August 4, 2020         
West Margin Press Announces Collaboration With Entrepreneur Tina Wells   •   Entravision Communications Corporation Reports Second Quarter 2020 Results   •   Experts from Across the U.S. Issue Back-To-School Safety Guidelines for Pediatric Solid Organ Transplant Recipients   •   Dangers in the Car: TxDOT’s New Augmented Reality Game Urges Drivers to Never Drive Distracted   •   MSG Entertainment Provides Update on 2020 Christmas Spectacular   •   Cheerios Donates $1.3 Million to No Kid Hungry; Partners With Jerry Harris to Rally America’s Support to End Childhood Hun   •   Women In Trucking Association Names 2020 Top Woman-Owned Businesses in Transportation   •   Local Students to Receive Free Backpacks and School Supplies   •   Chronus Introduces Grant Program to Improve Racial Equity Through Mentoring   •   P&G Presents Tonight’s CBS Primetime Special Honoring the Life of Rep. John Lewis   •   CompTIA ChannelCon Speakers: Technology Industry Can Lead the Move to Greater Equality and Inclusion   •   Kids Call the Shots at the Boy Scouts of America's Virtual Family Fun Fest on August 8th   •   Turning the Tassels on COVID-19: Colorado Preparatory Academy Celebrates Class of 2020 with Online Commencement   •   Defending the People of the Sexual and Gender Diversity's Rights, 30 Years After the Police Raid of the Sex Garage Party   •   Whether Schools Hold Distance Learning or Classroom Instruction this Fall, Back-to-School Immunizations are Still Required   •   MemoryCare.com Names the Best Facilities for Senior Memory Care in Austin, TX   •   Avelas Announces Top-Line Data Showing Pegloprastide (AVB-620) Can Significantly Improve Cancer Detection in Real Time During Br   •   It’s Business As Usual for Online Schools – Insight Academy of Arizona is Ready for the New School Year   •   Customer Satisfaction with Social Media and Digital News Falters Despite Traffic Surge, ACSI Data Show   •   Inaugural 2020 Craft Beer Marketing Awards' "Crushie" Winners Announced in Virtual Awards Ceremony
Bookmark and Share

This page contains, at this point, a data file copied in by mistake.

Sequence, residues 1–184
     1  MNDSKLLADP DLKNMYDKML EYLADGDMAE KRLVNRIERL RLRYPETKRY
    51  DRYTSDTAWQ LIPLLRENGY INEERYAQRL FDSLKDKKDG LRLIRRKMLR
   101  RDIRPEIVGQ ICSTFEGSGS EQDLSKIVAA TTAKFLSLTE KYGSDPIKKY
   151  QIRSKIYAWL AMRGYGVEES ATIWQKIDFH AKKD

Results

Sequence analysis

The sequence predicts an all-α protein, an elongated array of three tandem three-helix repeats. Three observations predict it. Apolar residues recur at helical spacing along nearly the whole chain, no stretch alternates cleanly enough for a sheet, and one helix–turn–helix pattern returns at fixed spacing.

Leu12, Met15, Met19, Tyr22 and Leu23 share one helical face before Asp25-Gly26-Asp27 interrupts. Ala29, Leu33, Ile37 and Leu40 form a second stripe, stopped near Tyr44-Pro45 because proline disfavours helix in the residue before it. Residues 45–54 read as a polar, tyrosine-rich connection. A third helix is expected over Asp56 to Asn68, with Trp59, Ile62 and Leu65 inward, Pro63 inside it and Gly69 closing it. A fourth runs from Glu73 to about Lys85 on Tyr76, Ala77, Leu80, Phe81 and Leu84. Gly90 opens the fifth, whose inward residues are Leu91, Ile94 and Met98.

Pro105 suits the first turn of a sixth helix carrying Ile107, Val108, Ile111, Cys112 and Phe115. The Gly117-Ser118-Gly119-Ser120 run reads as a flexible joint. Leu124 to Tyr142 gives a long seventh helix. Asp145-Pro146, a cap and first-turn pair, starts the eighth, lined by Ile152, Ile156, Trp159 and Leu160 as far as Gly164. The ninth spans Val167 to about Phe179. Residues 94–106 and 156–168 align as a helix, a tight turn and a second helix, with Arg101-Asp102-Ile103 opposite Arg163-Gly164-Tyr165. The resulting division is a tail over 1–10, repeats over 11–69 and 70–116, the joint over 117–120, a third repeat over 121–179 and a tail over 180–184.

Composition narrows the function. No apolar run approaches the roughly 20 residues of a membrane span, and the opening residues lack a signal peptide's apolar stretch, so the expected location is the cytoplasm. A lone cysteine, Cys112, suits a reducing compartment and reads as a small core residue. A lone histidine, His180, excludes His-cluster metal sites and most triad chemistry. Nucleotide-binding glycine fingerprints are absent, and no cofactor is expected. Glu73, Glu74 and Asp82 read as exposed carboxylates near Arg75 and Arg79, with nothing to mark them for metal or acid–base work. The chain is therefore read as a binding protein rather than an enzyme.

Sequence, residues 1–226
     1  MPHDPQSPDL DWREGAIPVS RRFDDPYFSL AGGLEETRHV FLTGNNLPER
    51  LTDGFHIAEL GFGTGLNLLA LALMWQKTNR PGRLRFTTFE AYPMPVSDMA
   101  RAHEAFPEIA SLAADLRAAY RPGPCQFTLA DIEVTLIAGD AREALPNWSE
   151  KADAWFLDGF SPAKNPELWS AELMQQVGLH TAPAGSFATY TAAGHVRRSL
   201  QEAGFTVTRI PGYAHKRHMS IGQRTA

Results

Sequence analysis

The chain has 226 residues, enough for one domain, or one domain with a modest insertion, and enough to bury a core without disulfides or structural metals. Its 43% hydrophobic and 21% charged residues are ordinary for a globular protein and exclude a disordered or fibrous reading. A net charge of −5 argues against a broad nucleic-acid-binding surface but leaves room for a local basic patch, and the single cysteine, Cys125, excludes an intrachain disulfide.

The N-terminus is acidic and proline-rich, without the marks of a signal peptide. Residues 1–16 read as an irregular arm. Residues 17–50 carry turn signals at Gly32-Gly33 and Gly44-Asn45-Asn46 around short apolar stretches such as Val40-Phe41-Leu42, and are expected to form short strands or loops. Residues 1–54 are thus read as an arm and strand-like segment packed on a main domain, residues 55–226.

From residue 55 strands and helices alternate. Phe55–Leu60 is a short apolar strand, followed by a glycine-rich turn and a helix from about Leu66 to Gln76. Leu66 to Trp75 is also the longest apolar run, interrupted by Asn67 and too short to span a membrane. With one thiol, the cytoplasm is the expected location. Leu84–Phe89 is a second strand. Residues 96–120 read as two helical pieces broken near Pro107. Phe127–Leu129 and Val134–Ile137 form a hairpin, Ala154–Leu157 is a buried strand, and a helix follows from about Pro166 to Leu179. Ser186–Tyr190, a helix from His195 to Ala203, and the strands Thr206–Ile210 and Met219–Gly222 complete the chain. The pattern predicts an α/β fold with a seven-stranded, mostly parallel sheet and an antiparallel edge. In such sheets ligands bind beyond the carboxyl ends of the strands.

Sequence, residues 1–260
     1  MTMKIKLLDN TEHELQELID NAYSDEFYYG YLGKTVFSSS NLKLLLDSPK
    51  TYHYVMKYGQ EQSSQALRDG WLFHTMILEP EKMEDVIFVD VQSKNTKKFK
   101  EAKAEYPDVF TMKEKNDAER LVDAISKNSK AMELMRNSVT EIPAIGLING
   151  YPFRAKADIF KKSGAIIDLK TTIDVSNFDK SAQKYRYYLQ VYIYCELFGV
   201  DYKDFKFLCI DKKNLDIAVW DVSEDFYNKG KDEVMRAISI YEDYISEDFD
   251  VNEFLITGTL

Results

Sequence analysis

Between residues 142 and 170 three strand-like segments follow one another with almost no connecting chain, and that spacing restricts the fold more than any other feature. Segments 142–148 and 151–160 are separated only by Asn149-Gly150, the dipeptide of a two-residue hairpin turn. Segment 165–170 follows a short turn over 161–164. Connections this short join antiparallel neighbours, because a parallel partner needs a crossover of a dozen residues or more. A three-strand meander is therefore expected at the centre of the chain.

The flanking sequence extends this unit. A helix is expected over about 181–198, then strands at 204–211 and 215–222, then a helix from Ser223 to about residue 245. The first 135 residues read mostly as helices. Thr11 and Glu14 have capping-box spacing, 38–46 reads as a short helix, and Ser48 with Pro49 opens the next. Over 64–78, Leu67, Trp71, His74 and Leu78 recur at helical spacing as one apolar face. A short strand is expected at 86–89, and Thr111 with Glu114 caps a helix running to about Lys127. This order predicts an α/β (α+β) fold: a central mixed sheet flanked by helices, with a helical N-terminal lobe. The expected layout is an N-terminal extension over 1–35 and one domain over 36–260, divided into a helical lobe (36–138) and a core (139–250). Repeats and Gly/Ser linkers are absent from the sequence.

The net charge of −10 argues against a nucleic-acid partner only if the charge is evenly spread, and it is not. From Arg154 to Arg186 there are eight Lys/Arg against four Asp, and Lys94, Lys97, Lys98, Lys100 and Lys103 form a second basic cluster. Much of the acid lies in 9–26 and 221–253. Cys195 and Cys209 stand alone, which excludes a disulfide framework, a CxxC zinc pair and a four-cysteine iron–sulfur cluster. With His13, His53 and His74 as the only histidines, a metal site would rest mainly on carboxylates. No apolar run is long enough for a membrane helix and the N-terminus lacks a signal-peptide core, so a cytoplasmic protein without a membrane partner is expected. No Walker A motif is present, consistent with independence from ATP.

Hispanics More Likely To Have Strokes

LUBBOCK, TX - Twenty-five percent of deaths among U.S. Hispanic men and one in three U.S. Hispanic women are due to stroke and heart disease, researchers say.

Dr. Juan Fitz, American College of Emergency Physicians spokesman and assistant medical director at Covenant Medical Center in Lubbock, Texas, says the findings suggest a stroke knowledge deficit is more pronounced among this population.

Although Hispanics ages 35-64 are more likely to suffer a stroke than non-Hispanic whites, a survey of 2,000 women indicates Hispanics are less aware of the signs and symptoms of stroke than Caucasians, Fitz says.

In a separate study of 25,426 individuals, non-English speaking Hispanic Americans -- compared with those who speak English -- were also less likely to identify the signs and symptoms of stroke or recognize the need for immediate medical attention, Fitz says.

 


STORY TAGS: strokeHispanic News, Latino News, Mexican News, Minority News, Civil Rights, Discrimination, Racism, Diversity, Latina, Racial Equality, Bias, Equality

Video

White House Live Stream
LIVE VIDEO EVERY SATURDAY
alsharpton Rev. Al Sharpton
9 to 11 am EST
jjackson Rev. Jesse Jackson
10 to noon CST


Video

LIVE BROADCASTS
Sounds Make the News ®
WAOK-Urban
Atlanta - WAOK-Urban
KPFA-Progressive
Berkley / San Francisco - KPFA-Progressive
WVON-Urban
Chicago - WVON-Urban
KJLH - Urban
Los Angeles - KJLH - Urban
WKDM-Mandarin Chinese
New York - WKDM-Mandarin Chinese
WADO-Spanish
New York - WADO-Spanish
WBAI - Progressive
New York - WBAI - Progressive
WOL-Urban
Washington - WOL-Urban

Listen to United Natiosns News